A Crucial Lesson From Biden: Gaming, Investors And The New 'Most Powerful Medium'
By Adrian Montgomery, CEO of Enthusiast Gaming
While stories surrounding GameStop have garnered all sorts of attention in recent months, a much deeper shift involving the world of gaming has gotten less notice: The pandemic cemented a new digital mass migration.
Video games have become the “new social media.” Just as much of the world’s focus shifted from traditional media to social platforms a decade ago, an equally profound change is taking place now. People are leaving traditional media, social platforms and even many televised sports behind, and spending their time immersed in video game communities.
It’s a change the Biden campaign successfully tapped into during the 2020 presidential campaign, when they invited my team to help efforts to reach young voters. The campaign credits this strategy with helping President Biden win. And it’s a change that will impact businesses and their shareholders for decades to come.
Gaming attracts people of all ages. But for Gen Z especially, video games are now the primary social playground, form of entertainment, and method of self-expression. When I was in my teens and 20s, as a solid Gen Xer, my friends and I self-identified through our choice of music -- hard rock, heavy metal, hip hop, pop, etc. Now, for a huge swath of the population across the United States and around the world, gaming is where similar self-expression happens. It’s not like watching a TV show; it’s like joining a category, or multiple categories.
While this change has been developing for years, surveys show how profoundly it was advanced by Covid-19. In March 2020 when quarantines began, video gamers reported a whopping 45% spike in time spent gaming in a single week. The majority of Americans (52%) are now gamers. Even as vaccines bring about some return to normalcy, these numbers are expected to keep growing. Members of Gen Z (those born after 1996) spend more time watching eSports than traditional sports.
The gamers my company works with to orchestrate campaigns have combined fan communities of 300 million people. Half of those 300 million are not on Facebook. Instead, they interact socially through websites like ours and YouTube channels, both by watching eSports together and playing games themselves.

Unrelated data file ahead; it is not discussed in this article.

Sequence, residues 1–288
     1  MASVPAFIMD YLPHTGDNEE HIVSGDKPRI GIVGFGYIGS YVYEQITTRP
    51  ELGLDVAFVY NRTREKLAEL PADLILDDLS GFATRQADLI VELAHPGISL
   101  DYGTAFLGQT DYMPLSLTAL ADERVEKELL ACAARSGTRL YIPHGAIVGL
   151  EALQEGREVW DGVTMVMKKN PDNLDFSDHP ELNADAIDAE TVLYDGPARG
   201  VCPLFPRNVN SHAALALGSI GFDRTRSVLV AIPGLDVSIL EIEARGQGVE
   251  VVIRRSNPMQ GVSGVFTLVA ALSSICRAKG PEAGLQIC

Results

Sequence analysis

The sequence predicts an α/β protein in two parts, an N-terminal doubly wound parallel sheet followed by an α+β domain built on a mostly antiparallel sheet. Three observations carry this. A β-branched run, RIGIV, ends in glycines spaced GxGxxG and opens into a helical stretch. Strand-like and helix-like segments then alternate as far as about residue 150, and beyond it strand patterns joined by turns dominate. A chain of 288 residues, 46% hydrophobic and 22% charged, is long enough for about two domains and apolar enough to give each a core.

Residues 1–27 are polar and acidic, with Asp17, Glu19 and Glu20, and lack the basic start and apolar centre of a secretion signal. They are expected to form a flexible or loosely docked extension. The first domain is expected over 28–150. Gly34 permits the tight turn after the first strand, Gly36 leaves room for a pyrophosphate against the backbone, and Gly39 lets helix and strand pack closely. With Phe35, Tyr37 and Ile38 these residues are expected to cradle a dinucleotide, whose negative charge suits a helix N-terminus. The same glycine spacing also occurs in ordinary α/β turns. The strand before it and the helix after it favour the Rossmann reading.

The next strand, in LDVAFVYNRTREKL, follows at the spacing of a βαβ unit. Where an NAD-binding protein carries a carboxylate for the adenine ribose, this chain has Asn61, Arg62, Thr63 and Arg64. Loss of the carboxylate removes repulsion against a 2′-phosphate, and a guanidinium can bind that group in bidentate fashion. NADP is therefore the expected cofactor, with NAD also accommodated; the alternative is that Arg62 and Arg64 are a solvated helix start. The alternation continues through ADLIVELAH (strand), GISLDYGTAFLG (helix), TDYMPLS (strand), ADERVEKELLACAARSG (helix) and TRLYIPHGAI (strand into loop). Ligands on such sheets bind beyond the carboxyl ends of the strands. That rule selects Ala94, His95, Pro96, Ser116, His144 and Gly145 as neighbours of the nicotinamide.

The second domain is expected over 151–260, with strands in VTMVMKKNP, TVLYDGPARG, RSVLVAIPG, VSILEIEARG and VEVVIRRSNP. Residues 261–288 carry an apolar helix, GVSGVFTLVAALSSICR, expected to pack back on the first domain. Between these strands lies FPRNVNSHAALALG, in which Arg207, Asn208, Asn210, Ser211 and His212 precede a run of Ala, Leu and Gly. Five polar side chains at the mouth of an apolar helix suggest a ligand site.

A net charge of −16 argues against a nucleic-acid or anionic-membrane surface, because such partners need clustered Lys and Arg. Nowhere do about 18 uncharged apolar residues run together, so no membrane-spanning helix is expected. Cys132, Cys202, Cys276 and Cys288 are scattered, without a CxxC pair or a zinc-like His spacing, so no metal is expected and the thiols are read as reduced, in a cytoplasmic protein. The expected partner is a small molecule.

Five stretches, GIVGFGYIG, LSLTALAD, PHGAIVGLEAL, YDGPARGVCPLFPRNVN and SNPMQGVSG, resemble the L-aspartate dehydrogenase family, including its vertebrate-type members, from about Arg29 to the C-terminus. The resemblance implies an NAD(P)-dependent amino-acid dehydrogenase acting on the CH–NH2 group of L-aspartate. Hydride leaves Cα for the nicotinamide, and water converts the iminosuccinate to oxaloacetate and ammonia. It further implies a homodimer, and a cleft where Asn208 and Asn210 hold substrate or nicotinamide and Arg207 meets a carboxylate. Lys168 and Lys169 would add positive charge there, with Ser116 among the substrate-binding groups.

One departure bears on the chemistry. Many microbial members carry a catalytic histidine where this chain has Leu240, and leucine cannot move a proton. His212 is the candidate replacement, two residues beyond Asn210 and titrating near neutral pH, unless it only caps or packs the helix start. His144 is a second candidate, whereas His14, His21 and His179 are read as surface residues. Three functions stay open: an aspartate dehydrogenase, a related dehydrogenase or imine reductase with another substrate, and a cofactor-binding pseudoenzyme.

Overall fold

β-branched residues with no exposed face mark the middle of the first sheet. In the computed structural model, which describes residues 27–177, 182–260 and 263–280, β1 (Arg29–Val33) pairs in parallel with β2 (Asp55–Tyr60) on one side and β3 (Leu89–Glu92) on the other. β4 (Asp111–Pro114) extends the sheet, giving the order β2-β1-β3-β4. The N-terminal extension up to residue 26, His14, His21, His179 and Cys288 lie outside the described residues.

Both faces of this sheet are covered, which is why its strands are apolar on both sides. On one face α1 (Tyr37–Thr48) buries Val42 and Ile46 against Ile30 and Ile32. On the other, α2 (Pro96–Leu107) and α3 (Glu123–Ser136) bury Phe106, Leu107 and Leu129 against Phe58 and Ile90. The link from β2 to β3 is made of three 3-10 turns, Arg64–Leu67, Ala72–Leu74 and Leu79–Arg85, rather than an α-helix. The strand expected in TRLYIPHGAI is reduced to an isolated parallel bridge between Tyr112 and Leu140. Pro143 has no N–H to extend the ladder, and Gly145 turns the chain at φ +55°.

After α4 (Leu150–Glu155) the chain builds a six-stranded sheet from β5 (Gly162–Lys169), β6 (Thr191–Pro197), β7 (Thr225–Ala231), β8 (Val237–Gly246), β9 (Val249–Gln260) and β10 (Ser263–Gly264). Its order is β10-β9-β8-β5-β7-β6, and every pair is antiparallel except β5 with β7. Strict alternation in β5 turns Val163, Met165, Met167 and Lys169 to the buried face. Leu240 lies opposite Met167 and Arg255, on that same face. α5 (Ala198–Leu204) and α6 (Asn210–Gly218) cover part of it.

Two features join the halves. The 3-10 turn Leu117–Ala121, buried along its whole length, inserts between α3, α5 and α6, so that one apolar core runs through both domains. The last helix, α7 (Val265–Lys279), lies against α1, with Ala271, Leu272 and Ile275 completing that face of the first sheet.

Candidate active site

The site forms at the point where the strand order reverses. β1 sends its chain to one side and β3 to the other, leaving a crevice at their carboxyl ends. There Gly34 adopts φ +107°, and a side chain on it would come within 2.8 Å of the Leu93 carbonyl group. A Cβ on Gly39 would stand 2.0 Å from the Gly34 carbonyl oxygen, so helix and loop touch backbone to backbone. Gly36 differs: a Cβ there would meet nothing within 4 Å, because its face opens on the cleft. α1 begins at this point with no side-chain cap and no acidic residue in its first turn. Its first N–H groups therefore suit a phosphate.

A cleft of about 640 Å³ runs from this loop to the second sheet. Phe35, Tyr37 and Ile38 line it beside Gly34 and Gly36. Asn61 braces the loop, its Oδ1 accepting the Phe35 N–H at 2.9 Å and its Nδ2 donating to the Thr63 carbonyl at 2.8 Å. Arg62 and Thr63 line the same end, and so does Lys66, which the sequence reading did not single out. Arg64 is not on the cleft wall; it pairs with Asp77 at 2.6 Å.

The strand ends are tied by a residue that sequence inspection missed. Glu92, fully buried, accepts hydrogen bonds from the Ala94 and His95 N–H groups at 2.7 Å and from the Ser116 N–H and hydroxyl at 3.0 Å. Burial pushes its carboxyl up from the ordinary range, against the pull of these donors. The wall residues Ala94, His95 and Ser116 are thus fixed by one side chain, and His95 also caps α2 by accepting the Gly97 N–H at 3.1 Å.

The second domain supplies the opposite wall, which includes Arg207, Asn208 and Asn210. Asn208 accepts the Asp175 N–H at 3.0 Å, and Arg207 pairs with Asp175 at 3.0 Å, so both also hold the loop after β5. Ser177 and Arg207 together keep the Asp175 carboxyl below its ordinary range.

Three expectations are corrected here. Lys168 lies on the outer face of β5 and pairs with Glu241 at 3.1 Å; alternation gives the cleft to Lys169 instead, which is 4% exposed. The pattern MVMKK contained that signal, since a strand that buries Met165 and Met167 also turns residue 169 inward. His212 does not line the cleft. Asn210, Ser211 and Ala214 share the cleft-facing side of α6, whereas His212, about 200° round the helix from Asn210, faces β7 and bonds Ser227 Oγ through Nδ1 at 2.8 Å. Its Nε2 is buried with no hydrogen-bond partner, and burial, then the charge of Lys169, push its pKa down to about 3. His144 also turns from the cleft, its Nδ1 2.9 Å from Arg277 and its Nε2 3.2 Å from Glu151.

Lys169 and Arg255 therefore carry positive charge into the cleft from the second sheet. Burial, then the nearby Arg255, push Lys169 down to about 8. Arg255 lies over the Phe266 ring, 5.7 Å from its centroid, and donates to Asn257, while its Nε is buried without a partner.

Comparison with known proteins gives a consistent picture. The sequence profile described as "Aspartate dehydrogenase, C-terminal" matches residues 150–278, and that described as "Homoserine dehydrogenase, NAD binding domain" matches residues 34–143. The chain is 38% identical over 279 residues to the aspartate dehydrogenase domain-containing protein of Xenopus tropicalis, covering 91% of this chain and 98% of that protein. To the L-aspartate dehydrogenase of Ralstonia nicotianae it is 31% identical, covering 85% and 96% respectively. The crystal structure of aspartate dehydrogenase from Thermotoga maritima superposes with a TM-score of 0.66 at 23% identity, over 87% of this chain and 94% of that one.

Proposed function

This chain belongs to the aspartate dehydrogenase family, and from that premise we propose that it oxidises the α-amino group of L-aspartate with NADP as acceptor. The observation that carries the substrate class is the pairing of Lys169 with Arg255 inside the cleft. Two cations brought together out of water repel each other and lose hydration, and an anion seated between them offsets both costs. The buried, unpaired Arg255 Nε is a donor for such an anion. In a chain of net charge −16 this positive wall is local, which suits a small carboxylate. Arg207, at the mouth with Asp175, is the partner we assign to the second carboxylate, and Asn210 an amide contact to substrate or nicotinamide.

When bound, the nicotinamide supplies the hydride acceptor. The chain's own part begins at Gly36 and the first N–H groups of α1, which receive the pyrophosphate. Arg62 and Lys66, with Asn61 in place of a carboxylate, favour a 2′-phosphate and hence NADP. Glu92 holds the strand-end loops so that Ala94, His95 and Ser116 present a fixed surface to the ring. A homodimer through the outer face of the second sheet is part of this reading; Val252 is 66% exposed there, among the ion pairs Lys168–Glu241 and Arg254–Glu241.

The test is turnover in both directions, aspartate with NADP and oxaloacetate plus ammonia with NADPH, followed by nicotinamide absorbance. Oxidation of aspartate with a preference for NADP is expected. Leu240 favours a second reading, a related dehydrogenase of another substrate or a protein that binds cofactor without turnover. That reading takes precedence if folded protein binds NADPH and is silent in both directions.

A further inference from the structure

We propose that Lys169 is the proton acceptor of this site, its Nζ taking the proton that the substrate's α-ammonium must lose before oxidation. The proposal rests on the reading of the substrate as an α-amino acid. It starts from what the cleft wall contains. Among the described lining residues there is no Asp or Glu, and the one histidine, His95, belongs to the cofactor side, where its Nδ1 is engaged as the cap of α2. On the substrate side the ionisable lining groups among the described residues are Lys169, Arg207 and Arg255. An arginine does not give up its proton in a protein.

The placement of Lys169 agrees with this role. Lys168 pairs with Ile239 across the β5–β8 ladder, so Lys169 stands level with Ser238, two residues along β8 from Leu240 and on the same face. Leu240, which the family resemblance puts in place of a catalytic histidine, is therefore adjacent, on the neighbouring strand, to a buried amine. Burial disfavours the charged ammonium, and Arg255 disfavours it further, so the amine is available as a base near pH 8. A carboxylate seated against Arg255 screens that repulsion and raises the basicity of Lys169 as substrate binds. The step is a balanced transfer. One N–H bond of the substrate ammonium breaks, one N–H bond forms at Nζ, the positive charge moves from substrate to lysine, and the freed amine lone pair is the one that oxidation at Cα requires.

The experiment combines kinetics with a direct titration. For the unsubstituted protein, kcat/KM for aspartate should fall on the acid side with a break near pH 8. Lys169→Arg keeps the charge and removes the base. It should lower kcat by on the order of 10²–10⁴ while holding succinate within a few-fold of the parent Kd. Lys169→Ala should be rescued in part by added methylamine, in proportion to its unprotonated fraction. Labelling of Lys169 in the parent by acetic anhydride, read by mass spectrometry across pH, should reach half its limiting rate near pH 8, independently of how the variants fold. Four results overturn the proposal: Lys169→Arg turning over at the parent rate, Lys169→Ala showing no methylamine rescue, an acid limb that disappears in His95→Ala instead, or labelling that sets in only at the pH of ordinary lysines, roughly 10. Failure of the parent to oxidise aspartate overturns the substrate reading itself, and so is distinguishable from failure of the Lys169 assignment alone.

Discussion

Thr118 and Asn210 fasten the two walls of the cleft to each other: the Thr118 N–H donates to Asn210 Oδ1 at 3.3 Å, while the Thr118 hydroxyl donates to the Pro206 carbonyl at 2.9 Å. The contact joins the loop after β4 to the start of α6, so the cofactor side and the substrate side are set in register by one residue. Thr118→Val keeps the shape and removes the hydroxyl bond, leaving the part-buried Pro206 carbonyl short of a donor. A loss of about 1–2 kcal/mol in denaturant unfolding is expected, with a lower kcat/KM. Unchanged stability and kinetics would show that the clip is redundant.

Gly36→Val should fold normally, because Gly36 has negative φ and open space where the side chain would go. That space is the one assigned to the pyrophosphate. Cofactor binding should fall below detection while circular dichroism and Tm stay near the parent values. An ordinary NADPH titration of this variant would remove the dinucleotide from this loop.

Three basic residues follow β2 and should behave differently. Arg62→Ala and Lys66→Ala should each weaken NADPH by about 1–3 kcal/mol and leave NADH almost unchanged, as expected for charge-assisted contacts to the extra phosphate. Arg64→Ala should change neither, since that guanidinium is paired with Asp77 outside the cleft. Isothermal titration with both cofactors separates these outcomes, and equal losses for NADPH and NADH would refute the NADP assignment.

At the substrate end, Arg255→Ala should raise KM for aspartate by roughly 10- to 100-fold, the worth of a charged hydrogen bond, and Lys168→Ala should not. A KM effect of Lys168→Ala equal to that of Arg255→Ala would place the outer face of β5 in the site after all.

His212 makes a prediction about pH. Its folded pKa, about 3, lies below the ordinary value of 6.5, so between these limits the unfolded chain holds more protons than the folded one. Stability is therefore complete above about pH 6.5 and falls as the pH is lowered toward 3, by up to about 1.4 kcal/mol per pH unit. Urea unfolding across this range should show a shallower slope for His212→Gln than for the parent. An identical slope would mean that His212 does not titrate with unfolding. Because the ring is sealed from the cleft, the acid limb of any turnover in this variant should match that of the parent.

What does all this mean for investors? Sure, keeping an eye on gaming stocks is important. But that’s not the half of it. To be successful in growing market share and returns, any company needs to embrace this new reality and prioritize the gaming community as consumers.
This means understanding, and building relationships with, leading gamers who are quickly becoming the leading “influencers.” While people at the helm of major brands and their marketing campaigns are often far more familiar with movie stars and high-profile athletes, and therefore look to build campaigns around them, lesser known stars of the gaming world are often more powerful in helping develop relationships between brands and consumers.
This is in part because of their reach, but also because of the sense of a more intimate, direct connection that fans have with them. Watching someone on TV is a purely one-directional experience. The gaming world is inherently social. By watching live streams and messaging their favorite gamers, people develop relationships with these influencers and with each other.
There’s also a greater sense of authenticity. I’ve found consistently that successful influencers of the gaming world will only talk about the products and services they genuinely care about -- and their fans know. They respond accordingly.
That sense of authenticity played an important role in our efforts for the Biden campaign. (As a non-partisan organization, we’re happy to work with all parties; the Biden campaign hired us.) Some of the gamers my company works with were wary of simply making broad political statements. So instead, we helped them craft their own messages about issues they care about, such as justice, the environment, the economy and jobs. In these contexts, they encouraged their fan bases to turn out and vote.
As VentureBeat reported in October, “Games are the most powerful medium now in terms of their reach and the impact they have on people.” Forward-thinking companies must understand this. So during the next quarterly call, investors should ask corporate leaders what their strategies are for putting this medium to work. What are their plans to engage gaming communities? What strategies have they begun, and how well are those strategies going?
After all, when people migrate digitally, the companies that cater to them must as well.
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